Len Shaier, the president of Quietskies.net, described the annoyance and health impacts of living with constant loud noise. He named increased risk of stroke, high blood pressure and heart disease, which an audience member supplemented by shouting out “and insanity!”
According to Shaier, the National Environmental Protection Act requires the FAA to investigate the cumulative environmental impacts of the two programs, but the agency instead looked at them separately.
Additionally, its analysis was based on theoretical models, instead of actual noise monitors on the ground, he said. While most airports have about 20 to 30 noise monitors placed in nearby neighborhoods, JFK has ten, while LaGuardia only has four.
The FAA also used the categorical exclusion, or CATEX, approach to avoid environmental review, according to Shaier.
Rebecca Bratspies, a professor at the CUNY Law School who turned the issue into a project for her environmental law class, presented on the legal backdrop.
According to Bratspies, the FAA lists “air pollution,” “noise,” and “highly controversial” as grounds for categorical exclusions.
“When an agency declares that something is CATEX they’re done with NEPA,” Bratspies said. “That’s what happened here.” The FAA decided on the CATEX for testing increased use of TNNIS on Jan. 31, 2012, she said.
According to Bratspies, the impact and outcry should indicate to the FAA that it made a mistake and should not categorically exclude the Airspace Redesign and NextGen from undergoing environmental assessments. Bratspies predicts that if someone were to sue the FAA for segmenting the programs, the challenge would get past the “motion to dismiss stage,” but she said that she doesn’t know how a court would decide the issue.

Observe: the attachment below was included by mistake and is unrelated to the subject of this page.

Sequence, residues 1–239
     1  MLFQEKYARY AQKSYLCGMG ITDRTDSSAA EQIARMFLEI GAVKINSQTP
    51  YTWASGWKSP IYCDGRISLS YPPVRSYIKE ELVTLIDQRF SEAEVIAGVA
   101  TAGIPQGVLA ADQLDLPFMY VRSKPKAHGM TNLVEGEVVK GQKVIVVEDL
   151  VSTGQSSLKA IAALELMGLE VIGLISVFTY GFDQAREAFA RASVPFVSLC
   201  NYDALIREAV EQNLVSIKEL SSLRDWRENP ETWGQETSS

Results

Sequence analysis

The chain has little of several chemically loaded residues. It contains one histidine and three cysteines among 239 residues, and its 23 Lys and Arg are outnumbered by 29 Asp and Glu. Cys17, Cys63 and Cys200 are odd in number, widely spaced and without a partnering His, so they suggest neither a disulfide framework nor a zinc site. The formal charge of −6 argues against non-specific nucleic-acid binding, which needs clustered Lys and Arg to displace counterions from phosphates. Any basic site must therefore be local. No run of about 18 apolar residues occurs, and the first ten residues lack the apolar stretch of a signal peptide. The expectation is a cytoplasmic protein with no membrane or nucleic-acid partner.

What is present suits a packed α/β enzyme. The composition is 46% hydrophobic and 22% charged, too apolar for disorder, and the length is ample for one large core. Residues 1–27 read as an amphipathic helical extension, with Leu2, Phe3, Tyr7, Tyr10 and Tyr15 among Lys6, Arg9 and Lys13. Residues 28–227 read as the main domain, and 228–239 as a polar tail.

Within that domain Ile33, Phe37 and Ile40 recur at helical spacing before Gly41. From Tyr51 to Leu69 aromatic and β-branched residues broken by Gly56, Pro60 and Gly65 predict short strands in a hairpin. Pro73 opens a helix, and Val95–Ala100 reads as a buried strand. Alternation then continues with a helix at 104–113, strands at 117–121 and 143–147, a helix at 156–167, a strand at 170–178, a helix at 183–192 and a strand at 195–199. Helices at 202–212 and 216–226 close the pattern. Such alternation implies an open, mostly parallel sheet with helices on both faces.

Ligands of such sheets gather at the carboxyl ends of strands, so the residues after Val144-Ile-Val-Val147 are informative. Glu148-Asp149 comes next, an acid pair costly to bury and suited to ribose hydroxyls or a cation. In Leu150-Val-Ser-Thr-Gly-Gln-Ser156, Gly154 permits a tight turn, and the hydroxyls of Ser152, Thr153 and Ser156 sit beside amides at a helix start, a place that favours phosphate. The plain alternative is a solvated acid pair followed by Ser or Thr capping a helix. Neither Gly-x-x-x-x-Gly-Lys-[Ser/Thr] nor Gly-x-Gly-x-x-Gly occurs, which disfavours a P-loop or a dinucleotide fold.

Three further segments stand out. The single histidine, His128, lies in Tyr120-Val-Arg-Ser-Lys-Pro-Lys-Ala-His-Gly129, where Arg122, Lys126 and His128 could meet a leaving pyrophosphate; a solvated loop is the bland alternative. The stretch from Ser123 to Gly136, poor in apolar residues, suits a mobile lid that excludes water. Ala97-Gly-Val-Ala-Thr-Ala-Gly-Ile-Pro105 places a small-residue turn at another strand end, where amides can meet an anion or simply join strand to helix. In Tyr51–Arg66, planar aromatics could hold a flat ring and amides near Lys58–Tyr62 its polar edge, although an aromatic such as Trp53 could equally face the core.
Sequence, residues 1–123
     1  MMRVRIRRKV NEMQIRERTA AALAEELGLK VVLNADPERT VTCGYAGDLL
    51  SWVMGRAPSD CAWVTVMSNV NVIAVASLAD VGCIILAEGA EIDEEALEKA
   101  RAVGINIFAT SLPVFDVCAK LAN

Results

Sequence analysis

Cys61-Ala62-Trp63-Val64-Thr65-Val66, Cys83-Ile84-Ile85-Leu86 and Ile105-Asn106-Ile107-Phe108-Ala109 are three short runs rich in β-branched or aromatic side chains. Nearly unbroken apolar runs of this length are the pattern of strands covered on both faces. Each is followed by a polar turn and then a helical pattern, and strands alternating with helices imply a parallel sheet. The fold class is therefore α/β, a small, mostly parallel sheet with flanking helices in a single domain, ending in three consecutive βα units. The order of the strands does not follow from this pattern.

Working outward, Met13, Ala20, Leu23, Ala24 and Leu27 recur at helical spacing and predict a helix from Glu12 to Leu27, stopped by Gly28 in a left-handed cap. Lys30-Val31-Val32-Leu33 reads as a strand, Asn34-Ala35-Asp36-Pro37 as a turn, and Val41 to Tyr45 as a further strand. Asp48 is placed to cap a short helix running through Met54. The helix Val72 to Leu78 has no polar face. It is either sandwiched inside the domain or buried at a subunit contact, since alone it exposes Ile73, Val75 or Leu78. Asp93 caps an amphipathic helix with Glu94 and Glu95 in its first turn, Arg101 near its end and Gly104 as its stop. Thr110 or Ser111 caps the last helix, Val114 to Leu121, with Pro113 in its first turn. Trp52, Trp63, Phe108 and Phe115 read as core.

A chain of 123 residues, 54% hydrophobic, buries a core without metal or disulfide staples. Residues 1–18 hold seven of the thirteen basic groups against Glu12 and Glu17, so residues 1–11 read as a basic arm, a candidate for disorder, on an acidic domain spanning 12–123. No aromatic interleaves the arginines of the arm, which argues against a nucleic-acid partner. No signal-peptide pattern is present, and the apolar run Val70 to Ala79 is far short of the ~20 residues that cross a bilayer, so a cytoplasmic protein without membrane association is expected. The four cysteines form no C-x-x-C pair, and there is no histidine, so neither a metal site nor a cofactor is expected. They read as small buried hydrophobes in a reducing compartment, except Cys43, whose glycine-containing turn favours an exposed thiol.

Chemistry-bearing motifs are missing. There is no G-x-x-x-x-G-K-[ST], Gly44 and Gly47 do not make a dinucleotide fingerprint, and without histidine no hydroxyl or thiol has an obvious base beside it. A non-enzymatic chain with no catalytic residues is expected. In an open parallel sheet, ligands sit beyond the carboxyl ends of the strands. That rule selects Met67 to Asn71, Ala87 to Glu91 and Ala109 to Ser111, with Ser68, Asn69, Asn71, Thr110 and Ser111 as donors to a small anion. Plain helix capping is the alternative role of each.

“I would encourage all of you to become pen pals with the FAA and tell them they’re wrong,” Bratspies said. “There’s hope. There are legal things out there that can help you. You just need to get your voice heard.”
Shaier encouraged the audience to join the email list, tell their neighbors about Queens Quiet Skies, and report aircraft noise on the Port Authority website. He instructed residents to check off “too frequent,” since only one complaint can be filed at a time. He also directed people to look at PASSUR.com, which provides real- time flight information and to include the specific flight numbers in their complaints. He also told the audience to take noise readings with their smartphones.
Members of Queens Quiet Skies praised Avella and Braunstein for their leadership on the issue.
“Our state representatives have taken the lead and must stay proactive,” Shaier said. “They must encourage the Port Authority to do its part.”
Rebecca Sheen, an aide to Avella, compared a meeting with the FAA in September to being in a war room, up against an entourage of the agency’s agents. “They didn’t acknowledge the test. They said, ‘We’ve done all the environmental review we need to do and now we’re going to go ahead.’”
Avella and Braunstein are going to Washington D.C. to meet with the FAA, along with representatives Grace Meng (D-Bayside) and Steve Israel (D-Long Island), who have co-sponsored bills requiring the Port Authority to apply for noise mitigation funding.
Several audience members demanded to know what U.S. Sens. Chuck Schumer and Kirsten Gillibrand (D-NY)are doing to help. Shaier denounced the pair as “useless” and the audience applauded in agreement.
“[The FAA] has been giving us nonsense and spin and hoping we’ll go away,” Braunstein said. “But we’re are not going to just go away. What’s going on right now is unacceptable.”